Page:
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Development Stores: Omni-Channel Age

The ever-growing e-commerce trade is having a significant impact on bricks-and-mortar stores: Omni-channel services an integral part of store concepts, retailers continue to “trade-up” their market presence, as more and more online merchants are opening stationary shops.


These are some of the main results of the EHI study “The Store in the Omni-Channel Age.”

 To better position themselves against competition from internet, many bricks-and-mortar retailers are investing in things online retailers cannot offer: Namely in attractive store concepts that make shopping an experience. This was one of the results of the study “The Store in the Omni-Channel Age” by the EHI Retail Institute in Cologne, Germany. Over 80% of the surveyed retail and shopfitting companies confirmed this. Shopfitting is becoming ever more individual. More than half of surveyed retail companies (52.6%) increasingly use individual design elements. Nearly two-thirds also expect a reduction in renovation cycles—at the same time as investors remain ready to invest in retail. Over 70% of retailers plan to increase investment in their shops by up to 10%.


Online is becoming stationary and is bringing additional revenue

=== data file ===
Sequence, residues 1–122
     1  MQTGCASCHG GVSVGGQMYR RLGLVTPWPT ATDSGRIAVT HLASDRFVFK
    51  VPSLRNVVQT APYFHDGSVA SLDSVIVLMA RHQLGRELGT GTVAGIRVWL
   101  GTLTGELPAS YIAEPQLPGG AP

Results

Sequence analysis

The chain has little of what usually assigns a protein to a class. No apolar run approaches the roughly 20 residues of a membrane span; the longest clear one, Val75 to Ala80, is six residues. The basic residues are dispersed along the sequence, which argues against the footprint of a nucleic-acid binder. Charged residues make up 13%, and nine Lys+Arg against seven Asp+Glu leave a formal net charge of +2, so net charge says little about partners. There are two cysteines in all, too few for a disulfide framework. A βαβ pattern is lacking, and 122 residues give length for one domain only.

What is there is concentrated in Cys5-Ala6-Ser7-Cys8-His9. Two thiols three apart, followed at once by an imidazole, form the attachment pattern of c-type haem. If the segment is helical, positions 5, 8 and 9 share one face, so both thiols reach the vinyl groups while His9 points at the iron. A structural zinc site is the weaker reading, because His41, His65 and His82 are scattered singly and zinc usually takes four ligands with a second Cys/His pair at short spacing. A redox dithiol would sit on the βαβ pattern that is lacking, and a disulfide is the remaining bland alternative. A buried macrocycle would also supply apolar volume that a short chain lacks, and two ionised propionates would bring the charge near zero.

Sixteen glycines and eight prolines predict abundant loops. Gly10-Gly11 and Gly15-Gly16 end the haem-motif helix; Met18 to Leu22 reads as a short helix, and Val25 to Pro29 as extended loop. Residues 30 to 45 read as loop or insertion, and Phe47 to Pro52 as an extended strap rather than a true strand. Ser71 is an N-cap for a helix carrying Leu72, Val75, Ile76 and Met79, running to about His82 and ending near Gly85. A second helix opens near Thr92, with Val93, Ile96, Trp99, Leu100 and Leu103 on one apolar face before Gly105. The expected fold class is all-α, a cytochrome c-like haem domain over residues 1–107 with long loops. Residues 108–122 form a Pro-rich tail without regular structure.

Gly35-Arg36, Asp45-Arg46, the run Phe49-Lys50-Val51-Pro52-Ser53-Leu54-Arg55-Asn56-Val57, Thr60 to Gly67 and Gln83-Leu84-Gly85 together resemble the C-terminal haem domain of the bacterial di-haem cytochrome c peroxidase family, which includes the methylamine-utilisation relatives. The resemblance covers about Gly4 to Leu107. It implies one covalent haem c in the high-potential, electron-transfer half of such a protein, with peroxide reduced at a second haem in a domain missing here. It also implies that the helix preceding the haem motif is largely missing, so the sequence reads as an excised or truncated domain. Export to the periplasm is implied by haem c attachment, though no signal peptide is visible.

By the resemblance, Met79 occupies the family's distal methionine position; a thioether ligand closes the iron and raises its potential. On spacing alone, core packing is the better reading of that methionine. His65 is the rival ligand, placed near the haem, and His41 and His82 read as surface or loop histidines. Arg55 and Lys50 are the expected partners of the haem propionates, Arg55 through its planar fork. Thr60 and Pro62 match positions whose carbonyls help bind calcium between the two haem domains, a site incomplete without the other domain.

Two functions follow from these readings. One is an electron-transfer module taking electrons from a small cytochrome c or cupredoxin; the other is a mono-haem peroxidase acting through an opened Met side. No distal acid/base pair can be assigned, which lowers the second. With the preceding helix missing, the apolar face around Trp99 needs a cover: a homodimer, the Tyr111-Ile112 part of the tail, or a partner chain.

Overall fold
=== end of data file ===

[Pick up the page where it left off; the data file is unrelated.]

Customers want both online and stationary retail, according to the EHI study. That is why even today, one in two of the 1,000 largest online stores also operates stationary shops. 86% of the retailers surveyed expected online traders to open further physical stores. Skillful integration is necessary in order to offer customers a positive shopping experience with smooth transitions between the individual channels. Of the omni-channel services, in-store order and -return and “click & collect” have already been implemented by more than 40% of the retailers and further on, about a third plan to join them. Click & collect has led many companies to sometimes significant sales growth. 41.7% of retailers have noted an increase in turnover of at least 10% of the value of the goods ordered online. Another 25% reported an increase of almost 20% in impulse buying when customers came to pick up the goods.


New challenges for store planning

Responsibility for implementing omni-channel services at the point of sale so far rarely lies with retail companies’ construction and fitting departments. To avoid losing out on this issue in the future, planning departments need to strengthen their position as trend-setters rather than just service providers and further promote interdisciplinary planning, the experts at EHI conclude.

Image: Dissemination; Credit: EHI (click image to enlarge)



About the study

The results of the study relate to responses from 41 retail planning managers and 50 shopfitting companies and consultants from Germany, Austria, and Switzerland (D-A-CH Region). All the results are summarized in the (German) white paper “Der Store im Omnichannel-Zeitalter,” available as a free download from

Image: Jablka Adama; Credit: EHI


Image: Replay; Credit: EHI

Image: “Replay” and  “Jablka Adama”: Many stationary retailers are investing in what online retailers cannot offer – Namely in attractive store concepts that make shopping into an experience. Credit: EHI



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